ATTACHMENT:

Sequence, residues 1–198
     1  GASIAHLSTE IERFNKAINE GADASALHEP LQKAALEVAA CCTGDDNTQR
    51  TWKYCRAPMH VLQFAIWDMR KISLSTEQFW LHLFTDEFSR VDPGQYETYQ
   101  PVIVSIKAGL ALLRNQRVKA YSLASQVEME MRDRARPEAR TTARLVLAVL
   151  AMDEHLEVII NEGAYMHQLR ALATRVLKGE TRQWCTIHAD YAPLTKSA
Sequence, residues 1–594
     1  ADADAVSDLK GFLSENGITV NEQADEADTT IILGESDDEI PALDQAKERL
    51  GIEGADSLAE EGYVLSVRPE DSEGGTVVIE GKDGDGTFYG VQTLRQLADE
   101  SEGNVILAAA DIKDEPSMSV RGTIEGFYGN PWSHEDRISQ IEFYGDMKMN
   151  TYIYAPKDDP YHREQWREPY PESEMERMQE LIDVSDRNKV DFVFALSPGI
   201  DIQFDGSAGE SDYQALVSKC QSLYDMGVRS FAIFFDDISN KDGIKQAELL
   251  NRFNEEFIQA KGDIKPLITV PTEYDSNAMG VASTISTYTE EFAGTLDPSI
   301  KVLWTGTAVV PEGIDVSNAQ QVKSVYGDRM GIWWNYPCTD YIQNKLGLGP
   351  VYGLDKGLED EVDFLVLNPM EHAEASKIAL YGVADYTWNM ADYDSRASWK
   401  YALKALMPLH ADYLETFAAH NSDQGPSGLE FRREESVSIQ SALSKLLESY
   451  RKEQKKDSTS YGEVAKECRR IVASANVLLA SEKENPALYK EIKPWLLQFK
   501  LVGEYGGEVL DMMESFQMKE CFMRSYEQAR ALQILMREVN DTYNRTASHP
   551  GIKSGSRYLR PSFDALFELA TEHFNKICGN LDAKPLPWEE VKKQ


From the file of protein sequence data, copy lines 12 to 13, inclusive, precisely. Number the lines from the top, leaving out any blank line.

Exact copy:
   251  NRFNEEFIQA KGDIKPLITV PTEYDSNAMG VASTISTYTE EFAGTLDPSI
   301  KVLWTGTAVV PEGIDVSNAQ QVKSVYGDRM GIWWNYPCTD YIQNKLGLGP